Stanford lecturer and program developer for the Stanford Center for Compassion and Altruism Dr. Kelly McGonigal offers another perspective. In her book The Upside of Stress, she explains that not all stress is bad. After all, it is our body's stress response that energizes us and keeps us safe when we are in dangerous situations or wakes us up when we hear the alarm ring in the morning. To be clear, McGonigal is not saying that chronic stress is good for you, but suggests there is reason to believe that changing the way you look at stress and perhaps even embracing the energy it releases can help us manage it more skillfully.
In her Ted talk she explains, “people who experienced a lot of stress in the previous year had a 43 percent increased risk of dying. But that was only true for the people who also believed that stress is harmful for your health. People who experienced a lot of stress but did not view stress as harmful were no more likely to die. In fact, they had the lowest risk of dying of anyone in the study, including people who had relatively little stress.”
This suggests we bring mindful awareness to stressful situations, to pause and observe how the stress is impacting us. After this pause we can attempt to reframe our experience, gain perspective, and make a choice that can better support us during the stressful moment.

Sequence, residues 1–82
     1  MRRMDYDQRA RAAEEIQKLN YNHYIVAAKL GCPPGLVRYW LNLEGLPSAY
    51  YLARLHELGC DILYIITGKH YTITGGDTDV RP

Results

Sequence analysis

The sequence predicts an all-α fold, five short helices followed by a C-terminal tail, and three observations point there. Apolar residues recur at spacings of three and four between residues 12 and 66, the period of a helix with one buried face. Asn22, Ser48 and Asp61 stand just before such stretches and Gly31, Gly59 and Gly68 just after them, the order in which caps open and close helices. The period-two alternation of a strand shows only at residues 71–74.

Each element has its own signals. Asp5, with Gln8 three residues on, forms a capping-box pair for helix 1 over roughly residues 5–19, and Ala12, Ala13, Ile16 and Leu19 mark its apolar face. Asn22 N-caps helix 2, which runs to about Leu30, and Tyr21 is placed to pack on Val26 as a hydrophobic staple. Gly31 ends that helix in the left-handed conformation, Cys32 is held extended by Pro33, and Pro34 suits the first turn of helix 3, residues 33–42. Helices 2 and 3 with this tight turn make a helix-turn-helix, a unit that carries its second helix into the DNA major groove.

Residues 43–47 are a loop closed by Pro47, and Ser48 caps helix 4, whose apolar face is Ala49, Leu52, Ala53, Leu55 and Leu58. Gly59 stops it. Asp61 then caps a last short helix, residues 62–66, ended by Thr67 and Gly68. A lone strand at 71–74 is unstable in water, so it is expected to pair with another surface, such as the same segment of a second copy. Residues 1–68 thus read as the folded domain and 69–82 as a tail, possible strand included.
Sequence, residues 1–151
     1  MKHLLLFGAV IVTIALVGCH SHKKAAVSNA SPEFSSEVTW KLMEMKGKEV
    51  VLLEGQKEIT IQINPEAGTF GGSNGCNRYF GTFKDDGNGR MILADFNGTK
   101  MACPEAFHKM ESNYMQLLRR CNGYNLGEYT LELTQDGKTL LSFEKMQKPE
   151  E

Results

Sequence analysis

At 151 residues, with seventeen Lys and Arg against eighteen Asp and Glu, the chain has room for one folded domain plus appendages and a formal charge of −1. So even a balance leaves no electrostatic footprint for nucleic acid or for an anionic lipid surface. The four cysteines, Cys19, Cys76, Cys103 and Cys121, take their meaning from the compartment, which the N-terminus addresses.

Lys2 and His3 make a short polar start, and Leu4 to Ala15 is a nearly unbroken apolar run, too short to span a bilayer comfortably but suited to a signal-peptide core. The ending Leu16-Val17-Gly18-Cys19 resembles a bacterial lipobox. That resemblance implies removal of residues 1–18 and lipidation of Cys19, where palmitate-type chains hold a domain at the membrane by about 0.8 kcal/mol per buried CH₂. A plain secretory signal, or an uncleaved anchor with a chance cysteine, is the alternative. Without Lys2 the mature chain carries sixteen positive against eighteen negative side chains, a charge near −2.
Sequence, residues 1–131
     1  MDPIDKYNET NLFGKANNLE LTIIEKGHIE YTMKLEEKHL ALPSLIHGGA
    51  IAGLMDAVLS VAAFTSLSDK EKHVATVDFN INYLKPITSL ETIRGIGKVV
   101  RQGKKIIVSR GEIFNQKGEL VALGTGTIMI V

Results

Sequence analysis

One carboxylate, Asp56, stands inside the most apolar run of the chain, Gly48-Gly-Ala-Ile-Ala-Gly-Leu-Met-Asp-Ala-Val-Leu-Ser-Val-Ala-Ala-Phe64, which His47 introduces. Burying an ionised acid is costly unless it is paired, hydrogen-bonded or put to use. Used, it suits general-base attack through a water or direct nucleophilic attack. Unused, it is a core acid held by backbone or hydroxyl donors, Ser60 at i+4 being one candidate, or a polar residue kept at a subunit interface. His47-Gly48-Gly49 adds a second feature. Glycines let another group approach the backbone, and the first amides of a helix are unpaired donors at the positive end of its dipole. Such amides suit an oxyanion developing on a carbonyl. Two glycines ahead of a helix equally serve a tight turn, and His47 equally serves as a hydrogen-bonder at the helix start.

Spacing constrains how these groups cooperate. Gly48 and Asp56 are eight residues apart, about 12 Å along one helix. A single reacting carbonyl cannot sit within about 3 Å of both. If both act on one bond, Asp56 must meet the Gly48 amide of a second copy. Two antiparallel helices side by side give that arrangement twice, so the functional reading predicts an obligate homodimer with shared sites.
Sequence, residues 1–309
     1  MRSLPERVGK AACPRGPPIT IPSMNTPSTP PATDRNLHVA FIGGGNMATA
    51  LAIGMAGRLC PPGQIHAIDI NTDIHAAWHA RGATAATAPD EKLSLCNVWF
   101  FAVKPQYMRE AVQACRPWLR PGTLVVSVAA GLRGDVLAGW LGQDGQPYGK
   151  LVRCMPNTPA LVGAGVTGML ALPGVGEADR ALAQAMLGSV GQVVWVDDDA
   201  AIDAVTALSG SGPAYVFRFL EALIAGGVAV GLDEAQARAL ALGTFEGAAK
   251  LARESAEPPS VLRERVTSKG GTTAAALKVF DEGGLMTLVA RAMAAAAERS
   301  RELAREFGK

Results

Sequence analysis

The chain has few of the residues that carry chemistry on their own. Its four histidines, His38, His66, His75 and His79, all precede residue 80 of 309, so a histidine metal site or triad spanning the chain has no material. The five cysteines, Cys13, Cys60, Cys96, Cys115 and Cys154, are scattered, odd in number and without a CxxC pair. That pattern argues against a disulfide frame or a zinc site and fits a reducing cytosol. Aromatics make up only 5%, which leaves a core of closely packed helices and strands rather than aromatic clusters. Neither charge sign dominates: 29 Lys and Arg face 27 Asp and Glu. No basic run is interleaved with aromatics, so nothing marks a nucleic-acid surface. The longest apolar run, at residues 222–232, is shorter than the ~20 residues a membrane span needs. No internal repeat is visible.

Perhaps we’ll decide that taking a mindful movement break like walking or stretching is the best thing we can do. Harnessing both the power and benefits of mindful movement can have a tremendous impact on our practice and the way we handle stress.
If you’re interested in more, read about the nine ways mindfulness reduces stress and listen to a recorded audio practice from Mindful magazine.
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ABOUT ARGOS GONZÁLEZ:
Argos Gonzalez is a teacher, lecturer, and mindfulness and yoga instructor. He has 13 years of experience teaching high school in the Bronx and teaches pre-service and in-service teachers at Hunter College School of Education in NY. Argos is certified through both Mindful Schools and Little Flower Yoga (LFY), and currently serves as the director of professional development for The School Yoga Project, a program of LFY. For more information about Little Flower Yoga and The School Yoga Project, visit www.littlefloweryoga.com. Contact Argos by email at firstname.lastname@example.org.